- Below is the April 23, 2016 article from SF Gate/San Francisco Chronicle (minus photos and video in the article)
- Court’s full decision at the bottom of the post.
State court rules prisoners can’t be punished for hunger strike
A state appeals court says a California prisoner who took part in a mass hunger strike protesting long-term solitary confinement should not have been punished for disorderly behavior because he did not disrupt prison operations or endanger anyone.
Although the 2013 hunger strike, which involved as many as 30,000 inmates across the state, may have affected the workload of prison staff members, there was no evidence of “a breakdown of order” or any threat of violence, the First District Court of Appeal in San Francisco said in the case of a former inmate at Pelican Bay State Prison.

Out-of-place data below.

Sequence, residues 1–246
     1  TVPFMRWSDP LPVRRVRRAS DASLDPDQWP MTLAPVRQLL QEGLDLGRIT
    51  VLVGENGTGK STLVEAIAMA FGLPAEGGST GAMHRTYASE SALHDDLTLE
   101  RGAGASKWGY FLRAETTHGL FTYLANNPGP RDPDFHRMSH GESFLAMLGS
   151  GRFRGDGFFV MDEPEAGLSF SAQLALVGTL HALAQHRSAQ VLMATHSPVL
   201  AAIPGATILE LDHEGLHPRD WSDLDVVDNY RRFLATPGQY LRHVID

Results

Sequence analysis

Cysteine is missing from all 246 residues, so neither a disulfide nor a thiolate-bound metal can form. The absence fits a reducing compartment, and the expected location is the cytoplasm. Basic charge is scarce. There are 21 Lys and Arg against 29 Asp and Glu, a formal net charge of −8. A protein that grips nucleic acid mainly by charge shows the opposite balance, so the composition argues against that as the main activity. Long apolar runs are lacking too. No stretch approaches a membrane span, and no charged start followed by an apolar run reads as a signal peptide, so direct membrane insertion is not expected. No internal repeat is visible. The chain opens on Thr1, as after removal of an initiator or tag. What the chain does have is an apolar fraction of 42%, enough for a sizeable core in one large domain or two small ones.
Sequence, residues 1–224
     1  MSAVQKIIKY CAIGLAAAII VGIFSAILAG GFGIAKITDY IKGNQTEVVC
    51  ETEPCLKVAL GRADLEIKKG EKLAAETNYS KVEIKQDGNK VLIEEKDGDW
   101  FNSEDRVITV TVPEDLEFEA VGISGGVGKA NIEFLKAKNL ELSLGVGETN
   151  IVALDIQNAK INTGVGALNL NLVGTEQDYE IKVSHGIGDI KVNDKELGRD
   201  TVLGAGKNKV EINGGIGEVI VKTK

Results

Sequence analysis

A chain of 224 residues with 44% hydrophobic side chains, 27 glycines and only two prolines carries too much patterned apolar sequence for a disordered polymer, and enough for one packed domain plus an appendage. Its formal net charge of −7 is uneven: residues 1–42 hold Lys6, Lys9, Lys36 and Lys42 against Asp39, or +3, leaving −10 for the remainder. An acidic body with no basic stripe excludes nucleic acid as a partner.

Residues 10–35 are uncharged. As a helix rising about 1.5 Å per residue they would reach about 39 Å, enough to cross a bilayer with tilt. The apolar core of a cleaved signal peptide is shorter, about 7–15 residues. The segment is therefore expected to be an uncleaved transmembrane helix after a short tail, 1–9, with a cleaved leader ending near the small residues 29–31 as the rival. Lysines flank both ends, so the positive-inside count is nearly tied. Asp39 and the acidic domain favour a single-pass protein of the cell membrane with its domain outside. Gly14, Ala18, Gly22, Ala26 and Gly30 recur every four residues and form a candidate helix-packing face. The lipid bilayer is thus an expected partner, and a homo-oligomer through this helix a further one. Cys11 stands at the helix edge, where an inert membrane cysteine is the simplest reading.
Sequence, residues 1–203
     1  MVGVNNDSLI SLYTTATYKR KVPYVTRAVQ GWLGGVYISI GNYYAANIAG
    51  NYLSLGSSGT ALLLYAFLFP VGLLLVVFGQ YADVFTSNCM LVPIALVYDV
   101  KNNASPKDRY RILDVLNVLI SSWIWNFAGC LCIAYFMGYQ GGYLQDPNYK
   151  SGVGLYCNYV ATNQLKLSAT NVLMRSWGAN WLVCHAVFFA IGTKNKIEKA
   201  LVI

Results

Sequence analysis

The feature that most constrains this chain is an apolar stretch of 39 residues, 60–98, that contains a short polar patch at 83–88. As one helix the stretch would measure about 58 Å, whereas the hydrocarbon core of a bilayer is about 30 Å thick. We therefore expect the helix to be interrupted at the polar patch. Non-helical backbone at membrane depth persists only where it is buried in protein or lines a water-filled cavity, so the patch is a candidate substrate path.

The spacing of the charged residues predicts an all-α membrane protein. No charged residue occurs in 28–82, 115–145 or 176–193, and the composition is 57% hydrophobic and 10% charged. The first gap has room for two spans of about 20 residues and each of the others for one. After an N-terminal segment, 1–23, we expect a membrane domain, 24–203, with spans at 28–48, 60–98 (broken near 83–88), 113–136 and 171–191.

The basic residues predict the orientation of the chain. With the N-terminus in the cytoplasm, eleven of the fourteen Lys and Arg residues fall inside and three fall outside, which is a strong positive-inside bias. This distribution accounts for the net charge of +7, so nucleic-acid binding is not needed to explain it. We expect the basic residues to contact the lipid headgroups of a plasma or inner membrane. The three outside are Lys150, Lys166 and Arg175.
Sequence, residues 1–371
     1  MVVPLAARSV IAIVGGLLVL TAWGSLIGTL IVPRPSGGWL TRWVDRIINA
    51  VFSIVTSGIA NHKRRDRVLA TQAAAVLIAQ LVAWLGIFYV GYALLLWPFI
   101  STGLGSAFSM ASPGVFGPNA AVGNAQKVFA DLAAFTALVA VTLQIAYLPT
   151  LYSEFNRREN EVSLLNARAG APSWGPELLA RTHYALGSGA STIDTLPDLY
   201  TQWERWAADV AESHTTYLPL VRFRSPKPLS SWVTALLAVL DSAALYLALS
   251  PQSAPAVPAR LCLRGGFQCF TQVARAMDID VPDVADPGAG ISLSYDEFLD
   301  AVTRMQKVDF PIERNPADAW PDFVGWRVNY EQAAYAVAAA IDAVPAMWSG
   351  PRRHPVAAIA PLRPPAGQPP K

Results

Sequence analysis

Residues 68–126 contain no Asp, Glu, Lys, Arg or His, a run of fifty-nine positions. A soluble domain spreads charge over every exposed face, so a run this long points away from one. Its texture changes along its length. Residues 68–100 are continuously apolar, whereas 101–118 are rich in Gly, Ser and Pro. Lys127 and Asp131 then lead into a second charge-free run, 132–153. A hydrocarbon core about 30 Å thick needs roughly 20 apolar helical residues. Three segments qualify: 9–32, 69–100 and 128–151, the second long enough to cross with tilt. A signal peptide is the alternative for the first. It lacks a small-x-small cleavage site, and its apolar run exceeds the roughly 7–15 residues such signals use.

The ruling, issued last month, was published Friday as a precedent for future cases. In addition to overturning a 90-day sentencing increase for the inmate, the decision could help numerous hunger strikers whose prison conduct is scrutinized by parole boards, said an attorney in the case, Carol Strickman of Legal Services for Prisoners with Children.
For inmates serving life sentences with the possibility of parole, “the parole board is citing the hunger strike as a reason to keep them in prison, because of their ongoing criminal mentality,” Strickman said.
“We hope to use this opinion to try to educate the parole board,” she added. “You might say it makes you more suitable (for release), engaging in nonviolent protest. People could see it as good citizenship.”
The inmate, Jorge Gomez, was sent to Pelican Bay, in Del Norte County, in 2000 and was transferred three years later to the prison’s Security Housing Unit, where he was kept in solitary confinement for more than a decade. In July 2013, he refused to eat for four days and, after the third day, was cited for a “serious” violation of prison rules for taking part in a hunger strike.